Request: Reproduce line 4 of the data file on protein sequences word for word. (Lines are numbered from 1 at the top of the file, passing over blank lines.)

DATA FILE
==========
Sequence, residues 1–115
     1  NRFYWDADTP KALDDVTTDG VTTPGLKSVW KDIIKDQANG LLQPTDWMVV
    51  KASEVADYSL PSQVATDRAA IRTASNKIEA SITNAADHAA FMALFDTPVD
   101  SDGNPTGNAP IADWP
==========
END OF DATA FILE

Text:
   101  SDGNPTGNAP IADWP